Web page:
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Obtain ERRORLEVEL value? Possible?

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  • Obtain ERRORLEVEL value? Possible?

    I would to run an BATch file from Powerbasic, but for it to
    do me any good, I somehow need to transfer the ERRORLEVEL
    value back to the program.

    That is not possible, or is it? If possible, what gets/traps
    the ERRORLEVEL value so it can get transferred/read by the

    Thank you.



  • #2
    A simple work-around would be to make your batch file write a filename to the current directory using either echo or touch based on the errorlevel, then check which file exists when you re-enter your PB program.

    In your batch file:

    if errorlevel 2 echo.> level2.tmp

    Then, in your PB program:

    if len(dir$("level2.tmp"))>0 then
    kill "level2.tmp" ' so we don't find it again on the next run by mistake
    print "We found errorlevel 2 and now we can sing."
    end if



    • #3
      ' Execute an exteernal program as a child proccess, interrogate
      ' it's return code.
      ' For PB/DOS 3.2
      ' Author: Michael Mattias Racine WI 
      ' from original version for Microsoft QuickBASIC by Ethan Winer.
      '     SUB TO Execute a program as a child process           
      ' Function value = return code of process; if < 0, error is 
      ' -1 * (dos error)
      ' REG equates as expected in REGS.INC
      DEFINT A-Z
      FUNCTION DosExecute% (Program$, Parameter$) LOCAL
        '---- Prepare the program name and parameter strings for processing.  DOS
        '     requires that the parameter string hold the length of the parameter
        '     text, followed by the parameter text, and then followed by a CHR$(13)
        '     Enter byte.  The parameter block holds two CHR$(0) bytes followed by
        '     the address and segment of the parameter string.
        DIM Block   AS LOCAL STRING * 14    'this is the DOS parameter block
        DIM Parm    AS LOCAL STRING * 80    'and this is the actual parameter text
        DIM ZBuffer AS LOCAL STRING * 80    'this holds a copy of the program name
        SaveDefSeg = pbvDefSeg
        DEF SEG
        DefaultDS = pbvDefSeg
        Zero$ = CHR$(0)                  'invoke CHR$() only once for efficiency
        DOS = &H21                       'saves a few bytes
        ZBuffer$ = Program$ + Zero$      'make an ASCIIZ string for DOS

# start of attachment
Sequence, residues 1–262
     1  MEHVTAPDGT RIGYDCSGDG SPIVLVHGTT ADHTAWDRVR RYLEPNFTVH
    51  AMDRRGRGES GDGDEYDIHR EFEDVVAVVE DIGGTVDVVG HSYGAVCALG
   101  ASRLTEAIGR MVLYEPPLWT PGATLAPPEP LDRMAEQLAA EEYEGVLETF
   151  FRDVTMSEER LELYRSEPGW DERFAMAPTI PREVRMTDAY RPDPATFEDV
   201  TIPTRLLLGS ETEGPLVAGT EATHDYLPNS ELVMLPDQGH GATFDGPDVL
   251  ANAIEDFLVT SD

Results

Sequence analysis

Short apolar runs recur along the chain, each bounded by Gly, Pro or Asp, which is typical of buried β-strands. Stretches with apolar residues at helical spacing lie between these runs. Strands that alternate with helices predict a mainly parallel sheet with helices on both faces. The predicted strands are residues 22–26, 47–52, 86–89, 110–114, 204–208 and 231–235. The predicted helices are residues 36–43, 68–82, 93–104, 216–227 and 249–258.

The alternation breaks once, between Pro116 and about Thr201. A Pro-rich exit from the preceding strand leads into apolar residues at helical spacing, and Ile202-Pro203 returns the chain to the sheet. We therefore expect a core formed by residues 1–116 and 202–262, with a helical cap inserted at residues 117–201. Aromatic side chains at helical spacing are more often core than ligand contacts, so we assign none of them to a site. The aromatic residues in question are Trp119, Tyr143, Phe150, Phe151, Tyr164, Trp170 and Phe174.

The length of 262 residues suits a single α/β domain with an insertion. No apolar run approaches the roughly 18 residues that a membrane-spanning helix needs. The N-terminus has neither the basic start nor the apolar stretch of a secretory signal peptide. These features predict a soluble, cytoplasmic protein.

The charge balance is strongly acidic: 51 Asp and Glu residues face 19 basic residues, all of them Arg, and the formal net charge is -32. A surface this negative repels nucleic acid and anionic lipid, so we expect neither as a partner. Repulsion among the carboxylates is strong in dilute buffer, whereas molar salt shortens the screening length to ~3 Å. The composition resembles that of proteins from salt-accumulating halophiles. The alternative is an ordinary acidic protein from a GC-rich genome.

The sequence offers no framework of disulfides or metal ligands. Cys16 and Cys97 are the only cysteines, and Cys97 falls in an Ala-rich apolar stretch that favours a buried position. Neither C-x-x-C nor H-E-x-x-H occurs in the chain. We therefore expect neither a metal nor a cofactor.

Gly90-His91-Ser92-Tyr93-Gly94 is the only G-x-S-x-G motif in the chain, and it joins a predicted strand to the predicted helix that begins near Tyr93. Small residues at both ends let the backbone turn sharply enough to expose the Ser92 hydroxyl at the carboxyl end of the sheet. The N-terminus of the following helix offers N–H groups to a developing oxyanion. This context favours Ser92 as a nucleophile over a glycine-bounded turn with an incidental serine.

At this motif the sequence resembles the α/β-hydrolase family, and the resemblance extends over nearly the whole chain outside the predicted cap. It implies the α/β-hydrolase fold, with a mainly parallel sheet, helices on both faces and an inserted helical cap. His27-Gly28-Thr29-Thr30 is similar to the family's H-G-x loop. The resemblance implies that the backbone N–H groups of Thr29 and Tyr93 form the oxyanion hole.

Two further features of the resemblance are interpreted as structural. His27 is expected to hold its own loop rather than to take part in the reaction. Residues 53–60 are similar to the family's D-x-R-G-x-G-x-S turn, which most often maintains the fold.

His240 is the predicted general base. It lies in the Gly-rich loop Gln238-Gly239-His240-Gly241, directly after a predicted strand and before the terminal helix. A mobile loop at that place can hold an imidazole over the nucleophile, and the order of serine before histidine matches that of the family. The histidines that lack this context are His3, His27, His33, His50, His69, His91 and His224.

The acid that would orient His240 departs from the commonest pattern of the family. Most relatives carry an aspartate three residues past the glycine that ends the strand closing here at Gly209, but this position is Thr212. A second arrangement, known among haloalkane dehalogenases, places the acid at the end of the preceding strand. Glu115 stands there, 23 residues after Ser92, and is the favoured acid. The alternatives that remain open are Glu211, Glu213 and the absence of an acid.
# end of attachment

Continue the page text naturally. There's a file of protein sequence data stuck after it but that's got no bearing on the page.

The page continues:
LSET Parm$ = CHR$(LEN(Parameter$)) + Parameter$ + CHR$(13)
        LSET Block$ = Zero$ + Zero$ + MKI$(VARPTR(Parm$)) + MKI$(VARSEG(Parm$))
        Dummy& = SETMEM(-500000)         'free up memory for the program being run
        REG %RegAX, &h4B00
        REG %RegDX, VARPTR (ZBuffer$)
        REG %RegES, VARSEG(Block$)
        REG %RegBX, VARPTR(Block$) 
        REG %RegDS, DefaultDS
        Flags = REG(0)
        ReturnAX = REG(%RegAX)
        IF (Flags AND 1) THEN          'DOS error trying to run the program?
          DosExecute% = -(ReturnAX)    'yes, set function value to -1 * error code
          GOTO Execute.Done            'and jump to reclaim memory
        END IF
        REG %RegAX, &H4D00               'retrieve subordinate process code
        CALL Interrupt DOS
        DosExecute% = REG (%RegAX)          'set function value to exit code
        Dummy& = SETMEM(500000)          'reclaim the memory relinquished eariler
        DEF SEG = SaveDefSeg             ' restore DS to what it was at entry.
      Don't know if this works when Program$ is a batch file, but it's worth a shot.

      If that doesn't work, you could run this from within your program once for each external program in the batch file, interrogating the return code each time.


      [This message has been edited by Michael Mattias (edited February 10, 2005).]
      Michael Mattias
      Tal Systems (retired)
      Port Washington WI USA
      [email protected]


      • #4
        > Don't know if this works when Program$ is a batch file,
        > but it's worth a shot.

        Not having actually tried it, I suspect that it wouldn't work because the return value you would get would be from, and not from the program that had run. One too many layers between you and the external program, as it were.